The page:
How Netflix Pioneered Per-Title Video Encoding Optimization
The only tool I’m aware of that can perform cross-resolution and device aware testing is the SSIMWave Video Quality-of-Experience Monitor (SQM), which can delivers an SSIMplus rating (see the review), but that’s only for its proprietary SSIMplus algorithm, not PSNR, which the tool can also calculate. Here’s an excerpt from the SQM manual on the topic.
Figure 3. The only cross-resolution test tool I know can’t produce cross-resolution PSNR values.
When we asked about this, Ronca responded, “We use scaled PSNR for all quality metrics so the encoded video would be scaled back to the original resolution.” Essentially, this means that Netflix scales lower resolution files, like the 720x480 variant, back up to 1080p to compare to the original 1080p file. After a bit of research, and some input from some compressionists with experience in this area (thanks Fabio), I learned that this is pretty standard fare. A commenter to the original article also shared this explanation. Mystery solved.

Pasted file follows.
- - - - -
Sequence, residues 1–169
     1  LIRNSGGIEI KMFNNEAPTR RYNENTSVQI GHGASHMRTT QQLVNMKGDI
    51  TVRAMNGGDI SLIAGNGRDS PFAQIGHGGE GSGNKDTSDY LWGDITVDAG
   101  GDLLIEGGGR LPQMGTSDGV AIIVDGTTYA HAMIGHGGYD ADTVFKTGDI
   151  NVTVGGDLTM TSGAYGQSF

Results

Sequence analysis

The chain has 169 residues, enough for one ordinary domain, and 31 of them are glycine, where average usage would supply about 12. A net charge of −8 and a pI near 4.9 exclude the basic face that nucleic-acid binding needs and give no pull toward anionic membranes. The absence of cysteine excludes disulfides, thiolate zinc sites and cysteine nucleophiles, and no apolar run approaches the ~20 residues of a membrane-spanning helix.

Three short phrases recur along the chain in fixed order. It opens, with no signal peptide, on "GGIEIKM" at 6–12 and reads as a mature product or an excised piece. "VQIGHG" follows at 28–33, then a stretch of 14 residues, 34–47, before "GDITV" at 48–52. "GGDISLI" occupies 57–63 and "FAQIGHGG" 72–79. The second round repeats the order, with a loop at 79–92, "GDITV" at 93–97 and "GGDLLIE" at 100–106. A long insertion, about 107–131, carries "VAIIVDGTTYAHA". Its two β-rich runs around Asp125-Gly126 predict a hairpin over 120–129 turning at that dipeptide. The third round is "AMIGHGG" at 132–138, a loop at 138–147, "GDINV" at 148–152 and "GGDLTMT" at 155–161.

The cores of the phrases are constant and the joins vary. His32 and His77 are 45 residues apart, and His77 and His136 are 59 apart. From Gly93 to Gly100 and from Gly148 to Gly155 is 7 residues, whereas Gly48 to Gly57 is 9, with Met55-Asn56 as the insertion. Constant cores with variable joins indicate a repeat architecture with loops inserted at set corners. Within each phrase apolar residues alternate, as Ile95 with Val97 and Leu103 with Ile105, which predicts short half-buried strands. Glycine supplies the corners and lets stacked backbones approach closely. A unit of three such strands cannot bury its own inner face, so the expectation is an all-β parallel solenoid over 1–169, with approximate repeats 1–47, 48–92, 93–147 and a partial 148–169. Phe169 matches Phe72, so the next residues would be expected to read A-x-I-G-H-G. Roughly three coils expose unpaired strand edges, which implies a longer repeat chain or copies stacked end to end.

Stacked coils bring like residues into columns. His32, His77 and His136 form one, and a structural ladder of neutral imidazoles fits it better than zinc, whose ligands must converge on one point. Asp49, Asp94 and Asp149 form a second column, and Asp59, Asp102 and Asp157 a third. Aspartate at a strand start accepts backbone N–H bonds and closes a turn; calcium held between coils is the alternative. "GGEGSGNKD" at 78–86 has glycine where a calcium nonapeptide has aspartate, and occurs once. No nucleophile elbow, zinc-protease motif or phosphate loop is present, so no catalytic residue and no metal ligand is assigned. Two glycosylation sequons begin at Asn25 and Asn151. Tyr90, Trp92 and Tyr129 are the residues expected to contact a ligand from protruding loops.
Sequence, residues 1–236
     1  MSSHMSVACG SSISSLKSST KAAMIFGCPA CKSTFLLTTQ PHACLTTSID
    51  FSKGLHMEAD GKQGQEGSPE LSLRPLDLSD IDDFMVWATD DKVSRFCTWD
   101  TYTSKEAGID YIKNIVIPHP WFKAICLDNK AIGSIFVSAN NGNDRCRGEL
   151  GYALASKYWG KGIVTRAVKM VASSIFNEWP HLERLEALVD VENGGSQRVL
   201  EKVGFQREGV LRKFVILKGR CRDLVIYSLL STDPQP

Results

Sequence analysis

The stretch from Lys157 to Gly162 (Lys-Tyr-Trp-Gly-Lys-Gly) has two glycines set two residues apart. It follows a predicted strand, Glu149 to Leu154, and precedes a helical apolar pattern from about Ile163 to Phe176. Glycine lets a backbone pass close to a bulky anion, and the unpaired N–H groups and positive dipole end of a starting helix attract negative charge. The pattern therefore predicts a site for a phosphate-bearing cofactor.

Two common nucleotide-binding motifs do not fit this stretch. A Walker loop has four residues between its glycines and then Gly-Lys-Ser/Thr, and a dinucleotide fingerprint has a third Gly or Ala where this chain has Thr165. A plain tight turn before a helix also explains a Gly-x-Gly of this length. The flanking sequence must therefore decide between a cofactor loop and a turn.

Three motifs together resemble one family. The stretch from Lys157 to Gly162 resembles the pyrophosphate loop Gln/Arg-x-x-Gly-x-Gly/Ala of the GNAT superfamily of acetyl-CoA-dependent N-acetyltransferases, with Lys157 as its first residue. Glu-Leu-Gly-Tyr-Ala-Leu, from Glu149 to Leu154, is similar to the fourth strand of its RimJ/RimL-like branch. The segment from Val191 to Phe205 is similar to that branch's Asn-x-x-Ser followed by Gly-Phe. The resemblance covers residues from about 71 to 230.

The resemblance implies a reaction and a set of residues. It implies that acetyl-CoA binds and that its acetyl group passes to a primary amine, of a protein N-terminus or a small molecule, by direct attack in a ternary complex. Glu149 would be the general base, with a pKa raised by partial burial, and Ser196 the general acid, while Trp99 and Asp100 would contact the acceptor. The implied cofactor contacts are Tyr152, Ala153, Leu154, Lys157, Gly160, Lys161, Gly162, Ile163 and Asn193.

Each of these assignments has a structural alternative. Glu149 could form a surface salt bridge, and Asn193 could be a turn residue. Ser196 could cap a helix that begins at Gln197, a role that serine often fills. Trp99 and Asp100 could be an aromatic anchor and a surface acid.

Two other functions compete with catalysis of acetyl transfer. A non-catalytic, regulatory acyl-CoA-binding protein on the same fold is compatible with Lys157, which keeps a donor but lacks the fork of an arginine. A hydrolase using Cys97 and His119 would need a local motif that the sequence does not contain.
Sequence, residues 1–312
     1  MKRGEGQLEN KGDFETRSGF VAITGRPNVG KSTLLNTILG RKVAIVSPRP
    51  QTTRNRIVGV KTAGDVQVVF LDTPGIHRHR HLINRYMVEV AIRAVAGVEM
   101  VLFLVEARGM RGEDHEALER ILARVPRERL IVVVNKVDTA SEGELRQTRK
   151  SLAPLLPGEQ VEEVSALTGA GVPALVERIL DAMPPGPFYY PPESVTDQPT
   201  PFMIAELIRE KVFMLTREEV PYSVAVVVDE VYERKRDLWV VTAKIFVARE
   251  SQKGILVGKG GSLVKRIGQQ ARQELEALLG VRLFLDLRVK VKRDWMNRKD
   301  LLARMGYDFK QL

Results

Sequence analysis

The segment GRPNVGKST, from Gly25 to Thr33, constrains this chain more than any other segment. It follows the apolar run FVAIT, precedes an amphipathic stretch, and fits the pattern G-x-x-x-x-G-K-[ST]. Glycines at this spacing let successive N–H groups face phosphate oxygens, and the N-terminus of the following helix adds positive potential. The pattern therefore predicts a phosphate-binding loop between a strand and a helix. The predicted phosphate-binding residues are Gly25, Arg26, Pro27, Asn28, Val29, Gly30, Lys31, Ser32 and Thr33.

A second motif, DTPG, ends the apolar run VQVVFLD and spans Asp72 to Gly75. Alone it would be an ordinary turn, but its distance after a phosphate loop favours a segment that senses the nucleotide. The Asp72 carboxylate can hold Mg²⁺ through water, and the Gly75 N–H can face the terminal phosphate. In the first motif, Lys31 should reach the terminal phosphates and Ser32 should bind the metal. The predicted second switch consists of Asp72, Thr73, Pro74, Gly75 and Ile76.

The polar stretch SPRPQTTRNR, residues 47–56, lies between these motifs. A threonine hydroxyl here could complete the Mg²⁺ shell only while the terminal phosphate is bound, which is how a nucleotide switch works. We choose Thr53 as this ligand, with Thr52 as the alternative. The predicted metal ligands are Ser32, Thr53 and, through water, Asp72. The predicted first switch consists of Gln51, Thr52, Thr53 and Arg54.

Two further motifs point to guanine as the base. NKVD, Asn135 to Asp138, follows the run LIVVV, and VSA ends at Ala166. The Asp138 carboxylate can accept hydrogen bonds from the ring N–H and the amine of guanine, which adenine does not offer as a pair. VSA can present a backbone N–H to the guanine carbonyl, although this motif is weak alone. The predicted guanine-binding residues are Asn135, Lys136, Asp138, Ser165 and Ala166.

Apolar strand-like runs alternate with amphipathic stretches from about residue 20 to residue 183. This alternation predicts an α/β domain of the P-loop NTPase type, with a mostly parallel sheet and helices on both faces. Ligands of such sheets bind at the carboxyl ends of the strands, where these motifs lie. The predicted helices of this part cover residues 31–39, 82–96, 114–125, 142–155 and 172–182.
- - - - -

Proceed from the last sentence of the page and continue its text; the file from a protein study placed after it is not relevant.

At this point, I should probably also express my bias against the PSNR test as the basis for making compression-related decisions. I explain part of this in my post, "Why I like VQM better than PSNR or SSIM," and confess to a growing appreciation for the SSIMplus metric, which ties to anticipated viewer ratings, can perform cross-resolution testing, and is device specific. To be fair, Netflix acknowledge PSNR's deficits by stating:
Although PSNR does not always reflect perceptual quality, it is a simple way to measure the fidelity to the source, gives good indication of quality at the high and low ends of the range (i.e. 45 dB is very good quality, 35 dB will show encoding artifacts), and is a good indication of quality trends within a single title.
I agree that PSNR is a good indication of quality trends in a file, but if it doesn’t “always reflect perceptual quality,” why not base this analysis on a different metric like VQM (scaled as Netflix is scaling PSNR) or SSIMplus? You can browse through some test results that compared PSNR, SSIM, VQM, and SSIMplus in a post titled, The SSIMplus Index for Video Quality-of-Experience Assessment. Note that it was produced by employees of SSIMWave, the developer of SSIMplus.